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Eg e and then the first rule in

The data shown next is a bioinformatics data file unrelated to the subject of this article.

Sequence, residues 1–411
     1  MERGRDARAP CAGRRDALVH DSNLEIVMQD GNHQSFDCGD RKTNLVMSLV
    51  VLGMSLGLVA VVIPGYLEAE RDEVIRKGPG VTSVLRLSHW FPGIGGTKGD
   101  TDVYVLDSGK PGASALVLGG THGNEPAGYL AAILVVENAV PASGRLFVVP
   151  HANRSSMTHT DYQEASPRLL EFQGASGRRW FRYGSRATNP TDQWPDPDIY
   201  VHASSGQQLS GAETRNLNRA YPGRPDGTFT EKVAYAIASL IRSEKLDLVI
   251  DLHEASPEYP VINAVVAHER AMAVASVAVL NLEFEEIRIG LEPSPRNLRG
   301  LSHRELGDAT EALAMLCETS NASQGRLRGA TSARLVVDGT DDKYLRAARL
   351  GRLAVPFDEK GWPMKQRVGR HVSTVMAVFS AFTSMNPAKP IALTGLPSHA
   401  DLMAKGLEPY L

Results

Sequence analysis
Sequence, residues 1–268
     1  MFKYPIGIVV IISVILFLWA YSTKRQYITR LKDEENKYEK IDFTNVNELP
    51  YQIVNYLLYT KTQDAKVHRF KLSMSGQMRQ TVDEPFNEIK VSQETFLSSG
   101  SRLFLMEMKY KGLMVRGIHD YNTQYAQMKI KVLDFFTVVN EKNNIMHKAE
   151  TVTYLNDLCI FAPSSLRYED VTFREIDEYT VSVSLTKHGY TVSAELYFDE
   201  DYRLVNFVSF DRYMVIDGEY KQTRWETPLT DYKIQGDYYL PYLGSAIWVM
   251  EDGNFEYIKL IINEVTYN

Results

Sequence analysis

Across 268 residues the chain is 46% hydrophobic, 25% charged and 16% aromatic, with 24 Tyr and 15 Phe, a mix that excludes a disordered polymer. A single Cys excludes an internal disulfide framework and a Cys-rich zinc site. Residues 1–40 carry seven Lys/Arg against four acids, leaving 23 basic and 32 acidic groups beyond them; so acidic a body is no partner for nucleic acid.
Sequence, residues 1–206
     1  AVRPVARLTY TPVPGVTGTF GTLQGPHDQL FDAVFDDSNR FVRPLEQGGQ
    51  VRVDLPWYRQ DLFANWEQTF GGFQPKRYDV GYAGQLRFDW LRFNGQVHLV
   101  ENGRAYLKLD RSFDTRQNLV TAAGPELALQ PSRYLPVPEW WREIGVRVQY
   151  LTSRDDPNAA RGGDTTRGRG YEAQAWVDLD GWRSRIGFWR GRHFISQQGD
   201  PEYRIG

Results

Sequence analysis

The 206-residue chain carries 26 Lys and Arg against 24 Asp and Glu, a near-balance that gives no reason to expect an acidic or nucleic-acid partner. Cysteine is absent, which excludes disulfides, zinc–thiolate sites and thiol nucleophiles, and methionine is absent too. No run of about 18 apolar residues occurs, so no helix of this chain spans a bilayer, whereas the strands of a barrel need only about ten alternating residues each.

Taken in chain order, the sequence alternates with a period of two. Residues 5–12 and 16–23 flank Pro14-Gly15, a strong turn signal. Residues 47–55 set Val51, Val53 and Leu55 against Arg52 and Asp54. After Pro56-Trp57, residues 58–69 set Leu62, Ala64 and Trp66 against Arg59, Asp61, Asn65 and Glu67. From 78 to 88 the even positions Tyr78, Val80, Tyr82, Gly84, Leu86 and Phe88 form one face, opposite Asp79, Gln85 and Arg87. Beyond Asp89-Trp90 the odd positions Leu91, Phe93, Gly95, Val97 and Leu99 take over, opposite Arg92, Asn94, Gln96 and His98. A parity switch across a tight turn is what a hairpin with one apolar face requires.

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Unformatted text preview: saying that <E> could be <M> added with 0 or more <M>’s terms. Something similar happens with the rule <M>. This new notation is named Extended BNF or EBNF. Where the symbols “{“ and “}” are used to represent a repetition of elements (0 or more) and symbols “[“ and “]” are used to represent an optional element (0 or 1). Now if we have the expression 10 + 20 + 30. In the graph above, the first rule to be followed is <E>à༎<M> + <M>, then for the leftmost <M> the rule to be followed is that <M> à༎ <P>, then <P> à༎ <N>, and <N>à༎ Integer. Then, we go back to the first rule that is incomplete, in this case, the rightmost <M>. Then, we go down to complete it. We go back again, to find out that there is another “+” symbol, so we need an extra <M>, and again we complete it. Now, if we have the following expression: 5 * (1+7) + 6 * 5 E M P * P N ( N ) Integer 5 Notice that when we get to the point where we use the rule <P>à༎ (<N>) we got stick, due to the fact <N> can only be an Integer, and we have a whole expression there “1 + 7”. So, we need to modify the grammar again, to be the following. NOTE: The grammar here was updated (and it is different from the one reviewed in class) to make it simpler. It is the same that appears in the slides. <E> à༎ <M> {+ <M>} <M> à༎ <P> {* <P>} <P> à༎ (<E>) | Integer So going back to the expression: 5 * (1+7) + 6 * 5. We can say that <P>à༎(<E>) and that <E>à༎<M>+<M>. When we finish with that expression we go back, we finish the (E) expression, so we go back, the P*P is complete, so we go back all the way to <E> and notice that we have another “+” symbol so we use the {+ <M>} section of the rule and complete it. One more example, consider the following expression: 5 * 2 + 10 The first rule is <E>, the next rule will be <M> (alone) because the next character is a ´*´, so we cannot apply the <M> + <M>. Now...
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